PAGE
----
Gazpacho, and tomato sauce which is more a putting-things-by than a real recipe, but becomes the base for so many things over the winter.
It was fun to see a link to this article in the "SmartBrief on Leadership" for last Friday. It pointed to Dave Arnold, but I think all give good leadership lessons.
I do not like strawberry pie. It seems a waste of perfectly lovely berries.
I made this and without looking at the comments made a couple of tweaks, including using mini-chips and leaving out the cinnamon. On a whim I entered it in a local fair and it took third place in "Quick Breads - Other" category (the other two categories are "Banana" and "Zucchini") and wanted to share the news! Not bad for something I had never made before and followed on faith except for the tweaks.
(PS: I cannot give it a full five stars because I am allergic to chocolate and don't know how it tastes; I think mini-chips are a better choice for quickbreads; and it only took third. Someone else might give it a full five, I would do four-and-a-half but there are no halvsies.)
It was in a barbeque shack an hour or so out of Dallas, where you lined up at the smokers with a plate and paid by the pound. Ditto for your sides (in the walled part of the building), but the iced tea was free and came out of something that looked like a moonshine still. They had pretty much any kind of meet you liked - chicken, pork, several kinds of beef, and the random game that came their way.
I do love the breakfasts at Wishbone; it's one of the places I need to go when in town. Mango pancakes in season; omelet with bisquit and cheese grits if I need something hearty (and then often have no need for lunch, especially handy if heading for a flight out of Midway); black bean cakes with mango salsa if I am in-between appetite-wise.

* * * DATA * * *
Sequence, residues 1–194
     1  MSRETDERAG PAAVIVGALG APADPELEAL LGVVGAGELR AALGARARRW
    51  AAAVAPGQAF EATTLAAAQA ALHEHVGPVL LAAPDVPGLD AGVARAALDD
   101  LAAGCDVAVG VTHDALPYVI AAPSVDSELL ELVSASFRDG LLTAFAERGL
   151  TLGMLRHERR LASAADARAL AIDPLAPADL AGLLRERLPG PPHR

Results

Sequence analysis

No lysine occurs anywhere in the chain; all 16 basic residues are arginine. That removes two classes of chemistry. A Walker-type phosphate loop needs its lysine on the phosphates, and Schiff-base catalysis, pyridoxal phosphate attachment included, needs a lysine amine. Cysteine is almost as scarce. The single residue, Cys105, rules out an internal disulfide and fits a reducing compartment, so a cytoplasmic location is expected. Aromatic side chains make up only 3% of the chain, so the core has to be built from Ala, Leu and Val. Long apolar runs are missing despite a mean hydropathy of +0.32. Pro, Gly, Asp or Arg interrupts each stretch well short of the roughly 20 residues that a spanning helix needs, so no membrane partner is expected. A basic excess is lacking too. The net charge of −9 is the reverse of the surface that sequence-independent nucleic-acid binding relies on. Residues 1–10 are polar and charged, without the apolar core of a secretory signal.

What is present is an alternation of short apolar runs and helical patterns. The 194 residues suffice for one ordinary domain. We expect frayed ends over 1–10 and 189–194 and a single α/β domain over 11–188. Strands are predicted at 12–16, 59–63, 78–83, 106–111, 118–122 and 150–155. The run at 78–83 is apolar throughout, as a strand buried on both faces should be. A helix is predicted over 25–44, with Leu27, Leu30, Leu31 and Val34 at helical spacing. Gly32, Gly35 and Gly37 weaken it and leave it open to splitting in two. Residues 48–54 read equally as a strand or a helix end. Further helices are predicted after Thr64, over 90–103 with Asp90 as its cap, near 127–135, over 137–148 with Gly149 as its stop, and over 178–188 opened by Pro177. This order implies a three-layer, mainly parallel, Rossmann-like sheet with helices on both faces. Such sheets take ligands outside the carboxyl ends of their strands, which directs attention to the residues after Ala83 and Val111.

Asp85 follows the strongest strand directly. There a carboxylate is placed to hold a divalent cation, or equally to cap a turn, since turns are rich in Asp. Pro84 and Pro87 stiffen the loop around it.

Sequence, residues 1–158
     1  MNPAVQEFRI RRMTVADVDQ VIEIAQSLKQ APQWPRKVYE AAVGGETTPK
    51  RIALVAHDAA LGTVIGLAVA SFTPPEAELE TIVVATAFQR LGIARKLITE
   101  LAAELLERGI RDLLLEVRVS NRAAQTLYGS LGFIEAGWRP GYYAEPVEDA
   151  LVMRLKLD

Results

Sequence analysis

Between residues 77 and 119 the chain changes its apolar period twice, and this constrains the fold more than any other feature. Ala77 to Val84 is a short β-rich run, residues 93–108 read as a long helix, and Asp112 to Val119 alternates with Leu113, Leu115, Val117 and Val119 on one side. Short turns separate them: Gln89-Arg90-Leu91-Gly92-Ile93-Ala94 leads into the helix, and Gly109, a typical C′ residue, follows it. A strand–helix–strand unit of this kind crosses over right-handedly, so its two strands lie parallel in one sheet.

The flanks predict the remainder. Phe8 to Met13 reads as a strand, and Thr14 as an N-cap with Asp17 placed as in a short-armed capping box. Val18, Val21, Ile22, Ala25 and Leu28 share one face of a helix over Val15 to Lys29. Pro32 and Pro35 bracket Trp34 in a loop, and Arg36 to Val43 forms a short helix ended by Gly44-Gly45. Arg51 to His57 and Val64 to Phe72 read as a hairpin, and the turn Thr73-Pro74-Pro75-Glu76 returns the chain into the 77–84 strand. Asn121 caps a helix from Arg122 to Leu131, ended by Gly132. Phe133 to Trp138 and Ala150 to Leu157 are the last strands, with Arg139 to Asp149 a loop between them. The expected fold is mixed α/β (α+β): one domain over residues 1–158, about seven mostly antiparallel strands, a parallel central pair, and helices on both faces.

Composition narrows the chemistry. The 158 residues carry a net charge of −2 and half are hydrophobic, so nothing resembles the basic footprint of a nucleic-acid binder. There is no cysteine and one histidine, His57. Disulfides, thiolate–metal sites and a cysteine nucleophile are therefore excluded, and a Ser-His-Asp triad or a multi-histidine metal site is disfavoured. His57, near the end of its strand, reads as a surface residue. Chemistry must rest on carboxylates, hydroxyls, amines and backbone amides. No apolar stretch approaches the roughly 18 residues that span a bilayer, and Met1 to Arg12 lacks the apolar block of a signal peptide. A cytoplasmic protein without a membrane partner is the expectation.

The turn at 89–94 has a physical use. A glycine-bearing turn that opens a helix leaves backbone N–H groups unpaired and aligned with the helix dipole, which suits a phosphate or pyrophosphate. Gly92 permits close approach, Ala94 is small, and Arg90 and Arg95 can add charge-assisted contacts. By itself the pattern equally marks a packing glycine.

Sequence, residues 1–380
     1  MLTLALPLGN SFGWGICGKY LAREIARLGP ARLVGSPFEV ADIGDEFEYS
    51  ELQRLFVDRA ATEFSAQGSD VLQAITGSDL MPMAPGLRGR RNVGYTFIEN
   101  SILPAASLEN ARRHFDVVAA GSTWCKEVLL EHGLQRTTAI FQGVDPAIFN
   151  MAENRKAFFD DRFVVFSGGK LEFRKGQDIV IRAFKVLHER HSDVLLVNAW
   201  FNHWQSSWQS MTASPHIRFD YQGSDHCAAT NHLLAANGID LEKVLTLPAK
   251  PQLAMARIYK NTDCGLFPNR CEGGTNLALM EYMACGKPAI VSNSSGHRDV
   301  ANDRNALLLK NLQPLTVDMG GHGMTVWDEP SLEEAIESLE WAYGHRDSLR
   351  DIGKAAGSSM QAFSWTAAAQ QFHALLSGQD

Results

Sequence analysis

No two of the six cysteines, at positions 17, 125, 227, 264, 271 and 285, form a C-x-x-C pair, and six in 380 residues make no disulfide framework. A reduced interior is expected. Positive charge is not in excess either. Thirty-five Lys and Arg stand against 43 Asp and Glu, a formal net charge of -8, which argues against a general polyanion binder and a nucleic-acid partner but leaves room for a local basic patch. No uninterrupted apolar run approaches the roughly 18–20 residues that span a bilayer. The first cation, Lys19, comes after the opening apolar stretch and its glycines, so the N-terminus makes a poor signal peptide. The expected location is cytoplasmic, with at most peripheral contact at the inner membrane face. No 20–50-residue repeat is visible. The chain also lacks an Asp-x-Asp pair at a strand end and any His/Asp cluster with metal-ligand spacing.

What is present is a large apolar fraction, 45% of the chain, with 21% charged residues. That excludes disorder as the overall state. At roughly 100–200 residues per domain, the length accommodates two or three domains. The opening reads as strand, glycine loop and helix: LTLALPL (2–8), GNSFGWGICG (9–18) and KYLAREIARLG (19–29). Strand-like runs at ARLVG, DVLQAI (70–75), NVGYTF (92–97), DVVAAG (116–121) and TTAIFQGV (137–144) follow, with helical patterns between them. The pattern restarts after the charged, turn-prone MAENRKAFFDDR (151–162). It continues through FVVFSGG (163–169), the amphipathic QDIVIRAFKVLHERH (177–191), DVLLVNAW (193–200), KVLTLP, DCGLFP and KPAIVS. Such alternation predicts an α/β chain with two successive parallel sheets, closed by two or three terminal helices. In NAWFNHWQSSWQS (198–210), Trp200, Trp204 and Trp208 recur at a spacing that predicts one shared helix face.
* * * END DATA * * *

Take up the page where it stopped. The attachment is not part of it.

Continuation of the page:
Their breakfasts may not strictly be brunch, but Wishbone offers good variety for not much money, especially when you consider that you often can skip lunch after going there. I generally rotate among omelets and the black bean cakes, but when in season the mango pancakes are stellar.
Grapefruit Italian Ice.
Grilled peach melba, but if baking is needed: Honey shortbread ice-cream sandwiches (with fresh fruit ice-cream, whatever was at the farmer's market and a touch overripe) or grill some homemade poundcake to go under the grilled peaches.
I love oatmeal-honey homebaked bread THE BEST.
In New Zealand I got to try a ginger-lemon iced-tea pop that was terrific on a hot day. I think they had a ginger beer variation too.
I love cocoanut ones, with lots of slivers so they are almost chewy. I also like ones made with frozen berries or peaches - fruit on a stick!
Another spot to try is Dao on Ohio Street - you might miss it in the industrialness of the buildings but the pad thai is a favourite in my family and the other noodle dishes are great too (although Dad favours Rama Chicken), as are the spring rolls.
My fave depends upon the filling, but currently it's a pickle-rye for roasted red meat sandwiches (roast beast, pastrami, etc.).
The one I want to try (again( is one I've done - hot sauce, which I used to bloom the gelatin. They had a nice sweet-spicy taste and were terrific toasted, and I know that different hot sauces would have different results so I want to continue experimenting.
One I want to try soon is blood orange.
You can try heating it and turning it into a chutney base. Or mix a couple spoonfuls into baking recipes that usually call for orange marmalde; I have a brandied orange cake recipe that does this.